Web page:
I just tried to access a folder like so:


When going to this location I'm prompted for a user name and password.

I put one in, and it let me in fine.

Now I need to remove that login, so I can try a different user name and password.

What's the easiest way to do this?

11 Answers 11


Open a command prompt or from start/run type:

net use \\somecomputeronmynetwork\somelocation$ /delete

You can also use the following command to list "remembered" connections:

net use
  • 2
    To add a little, you can type just net use to see a list of connections, then pick a connection and add the /delete argument like Nate suggested.
    – Safado
    Sep 8, 2011 at 14:10
  • 2
    Another user suggested C:\> net use * /d in ServerFault - Delete all mapped credentials and below. Adding this comment in case readers do not scroll down.
    – Abraham
    Mar 5, 2015 at 16:10
  • Would like to extend this with also reminding people about quotes around the \\remotepc\path like so "\\remotepc\spaced name"
    – Angry 84
    Mar 11, 2015 at 7:28
  • 1
    like this answer says serverfault.com/a/486506/290859 restarting the the "workstation" service is crucial after net use .../delete (yes, you could also login/logoff after this command, but for me, restarting "workstationservice" was sufficient.). It's Servicename: LanmanWorkstation // path: C:\WINDOWS\System32\svchost.exe -k NetworkService -p // sc stop lanmanworkstation sc start lanmanworkstationg (with elevated privileges)
    – MacMartin
    Mar 16, 2018 at 8:14
  • 1
    Using win7 x64 and a samba file server I have observed the following: After deleting a connection with net use /delete, without restarting LanmanWorkstation, it takes a while until dir \\the\deletedshare ceases to show the share content. A binary search produced this time is 13 seconds for me. It seems this "waiting period" is extended when the share is accessed again during the time. Jul 30, 2018 at 8:56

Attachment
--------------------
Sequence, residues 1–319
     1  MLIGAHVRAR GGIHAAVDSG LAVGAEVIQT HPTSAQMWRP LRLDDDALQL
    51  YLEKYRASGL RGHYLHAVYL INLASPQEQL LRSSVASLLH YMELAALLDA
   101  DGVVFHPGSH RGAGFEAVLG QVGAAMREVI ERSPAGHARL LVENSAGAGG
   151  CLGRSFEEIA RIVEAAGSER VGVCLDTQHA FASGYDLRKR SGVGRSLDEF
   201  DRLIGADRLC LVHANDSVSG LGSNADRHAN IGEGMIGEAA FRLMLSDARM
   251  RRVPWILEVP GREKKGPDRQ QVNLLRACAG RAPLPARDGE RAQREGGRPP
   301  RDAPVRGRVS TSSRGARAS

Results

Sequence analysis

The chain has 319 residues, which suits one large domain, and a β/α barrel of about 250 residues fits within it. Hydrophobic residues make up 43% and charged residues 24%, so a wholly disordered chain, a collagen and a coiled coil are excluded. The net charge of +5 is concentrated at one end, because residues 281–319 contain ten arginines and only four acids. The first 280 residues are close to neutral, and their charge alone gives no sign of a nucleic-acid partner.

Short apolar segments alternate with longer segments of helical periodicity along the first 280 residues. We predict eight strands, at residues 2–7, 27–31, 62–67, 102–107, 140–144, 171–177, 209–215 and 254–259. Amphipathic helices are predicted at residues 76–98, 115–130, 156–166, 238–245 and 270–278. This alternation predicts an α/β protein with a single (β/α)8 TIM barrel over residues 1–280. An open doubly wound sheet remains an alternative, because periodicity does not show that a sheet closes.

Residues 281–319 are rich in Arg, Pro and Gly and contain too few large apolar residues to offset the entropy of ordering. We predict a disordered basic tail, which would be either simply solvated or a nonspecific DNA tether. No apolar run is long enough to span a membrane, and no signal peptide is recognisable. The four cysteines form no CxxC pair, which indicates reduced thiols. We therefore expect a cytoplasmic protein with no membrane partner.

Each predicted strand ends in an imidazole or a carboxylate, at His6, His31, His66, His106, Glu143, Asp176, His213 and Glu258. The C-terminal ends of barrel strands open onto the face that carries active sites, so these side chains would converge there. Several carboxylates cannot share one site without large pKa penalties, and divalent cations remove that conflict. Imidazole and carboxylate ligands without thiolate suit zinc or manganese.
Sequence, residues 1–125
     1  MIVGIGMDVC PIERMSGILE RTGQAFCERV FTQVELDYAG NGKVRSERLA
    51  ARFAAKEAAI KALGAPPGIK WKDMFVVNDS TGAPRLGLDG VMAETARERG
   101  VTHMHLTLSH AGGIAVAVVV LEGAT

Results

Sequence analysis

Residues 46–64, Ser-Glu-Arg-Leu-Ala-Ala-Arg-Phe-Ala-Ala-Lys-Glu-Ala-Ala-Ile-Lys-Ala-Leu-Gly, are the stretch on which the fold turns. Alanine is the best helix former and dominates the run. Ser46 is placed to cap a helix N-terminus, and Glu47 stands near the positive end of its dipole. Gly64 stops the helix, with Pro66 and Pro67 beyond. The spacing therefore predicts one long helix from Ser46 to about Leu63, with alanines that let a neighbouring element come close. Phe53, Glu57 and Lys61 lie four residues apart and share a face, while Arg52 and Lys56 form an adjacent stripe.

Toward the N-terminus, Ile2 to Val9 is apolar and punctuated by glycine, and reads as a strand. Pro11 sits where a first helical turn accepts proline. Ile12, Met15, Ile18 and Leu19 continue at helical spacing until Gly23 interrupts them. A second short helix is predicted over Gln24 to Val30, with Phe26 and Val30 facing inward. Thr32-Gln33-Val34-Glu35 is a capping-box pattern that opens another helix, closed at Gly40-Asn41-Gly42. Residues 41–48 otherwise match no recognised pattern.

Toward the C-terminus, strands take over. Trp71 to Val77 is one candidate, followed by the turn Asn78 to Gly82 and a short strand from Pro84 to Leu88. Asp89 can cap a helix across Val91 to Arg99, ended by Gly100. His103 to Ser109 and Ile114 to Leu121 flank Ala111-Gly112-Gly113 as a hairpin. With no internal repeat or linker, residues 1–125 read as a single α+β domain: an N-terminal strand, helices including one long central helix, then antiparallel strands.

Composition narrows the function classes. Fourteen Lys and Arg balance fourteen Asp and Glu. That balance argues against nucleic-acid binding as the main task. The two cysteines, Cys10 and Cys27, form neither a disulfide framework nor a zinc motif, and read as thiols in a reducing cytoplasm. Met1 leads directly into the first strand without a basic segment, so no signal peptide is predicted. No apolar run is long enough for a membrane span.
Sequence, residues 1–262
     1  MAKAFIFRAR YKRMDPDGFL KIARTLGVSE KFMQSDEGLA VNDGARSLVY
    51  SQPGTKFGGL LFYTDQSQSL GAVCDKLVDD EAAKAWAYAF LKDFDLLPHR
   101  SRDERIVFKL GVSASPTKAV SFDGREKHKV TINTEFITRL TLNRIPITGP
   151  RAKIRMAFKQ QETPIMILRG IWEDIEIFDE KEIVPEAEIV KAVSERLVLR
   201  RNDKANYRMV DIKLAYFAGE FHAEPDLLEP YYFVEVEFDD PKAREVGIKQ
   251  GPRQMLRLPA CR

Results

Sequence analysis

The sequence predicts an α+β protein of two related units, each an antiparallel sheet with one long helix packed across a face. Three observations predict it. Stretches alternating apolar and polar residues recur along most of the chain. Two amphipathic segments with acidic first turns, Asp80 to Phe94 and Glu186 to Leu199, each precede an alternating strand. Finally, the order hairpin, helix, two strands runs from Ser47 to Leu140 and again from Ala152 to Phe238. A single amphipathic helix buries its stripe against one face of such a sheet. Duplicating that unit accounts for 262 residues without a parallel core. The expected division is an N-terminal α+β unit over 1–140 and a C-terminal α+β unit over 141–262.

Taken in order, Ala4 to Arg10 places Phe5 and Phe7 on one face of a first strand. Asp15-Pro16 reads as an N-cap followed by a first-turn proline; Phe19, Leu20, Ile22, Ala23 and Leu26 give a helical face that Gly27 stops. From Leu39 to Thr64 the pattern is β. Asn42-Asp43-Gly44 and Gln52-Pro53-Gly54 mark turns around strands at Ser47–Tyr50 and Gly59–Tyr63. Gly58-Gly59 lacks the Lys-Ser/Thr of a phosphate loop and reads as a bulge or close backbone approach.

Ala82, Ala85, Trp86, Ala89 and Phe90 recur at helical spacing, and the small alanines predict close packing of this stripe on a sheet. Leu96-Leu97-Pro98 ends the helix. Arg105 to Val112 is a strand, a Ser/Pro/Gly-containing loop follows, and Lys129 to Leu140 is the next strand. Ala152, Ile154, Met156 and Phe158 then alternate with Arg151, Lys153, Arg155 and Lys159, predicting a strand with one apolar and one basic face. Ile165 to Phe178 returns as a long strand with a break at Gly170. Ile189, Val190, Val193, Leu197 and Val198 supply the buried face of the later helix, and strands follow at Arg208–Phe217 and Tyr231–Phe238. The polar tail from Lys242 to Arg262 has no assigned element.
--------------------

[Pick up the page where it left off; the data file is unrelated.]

1. Open your start menu, in the search bar type:

    manage passwords
  2. You will see an application called Manage Windows Credentials.
  3. Open up this application from there you can check/edit/delete your saved network credentials.

It won't work if your Windows doesn't have login password, so put a password on it

  • @JamesK The user/password and share is not listed there. Any other ideas?
    – Joseph
    Dec 17, 2010 at 17:28
  • 2
    possibly try to restart your computer, they may have cached for your session. failing that i'm not sure sorry!
    – JamesK
    Dec 17, 2010 at 17:34
  • @Joseph - is it under Manage Network Passwords?
    – GregD
    Dec 17, 2010 at 17:35
  • 1
    Note that this exact search only works for the English version of Windows.
    – jobukkit
    Sep 14, 2016 at 12:01
  • 1
    This worked for me when "net use" didn't. I'd attempted to log in with an account that was disabled. Perhaps the fact that I hadn't succeeded had something to do with it. On Windows 10 I had to search for "Credentials". Jul 29, 2017 at 10:16

Windows tries to prevent logging on to the same server with different credentials at the same time, for some obscure "security reason".

This interception happens on the client side, not the server side.

You can circumvent this by using the server´s IP Address instead of the Servername. Personally, I do this in the command line:

net use * \\myservername\mysharename /user:mydomain\theotheruser * /persistent:no
==> error - security reasons

net use * \\x.y.z.z'\mysharename /user:mydomain\theotheruser * /persistent:no
==> just fine

This way, you can even connect twice to the same share, with different credentials. Incredibly useful when you try to debug user permission problems from the user's computer. Even works to connect to, say c$, on your own computer with admin rights.

You remove a share my either right-clicking it, or net use x: /delete

But: This does not remove your client's presumed connection to the server. Just browsing to the server in the explorer, without even connecting a share does count, and prevents you from using another credential to log onto that server, unless you disguise the name.

According to Microsoft, this is a feature.

  • Mapping this way with the password exposes a security vulnerability. Go to Windows Explorer and type a few characters of your shared path, and see if your password appears in plain text. It does on my computer (Win 7 SP1 updated with latest hotfixes as of today. Mar 14, 2013 at 23:44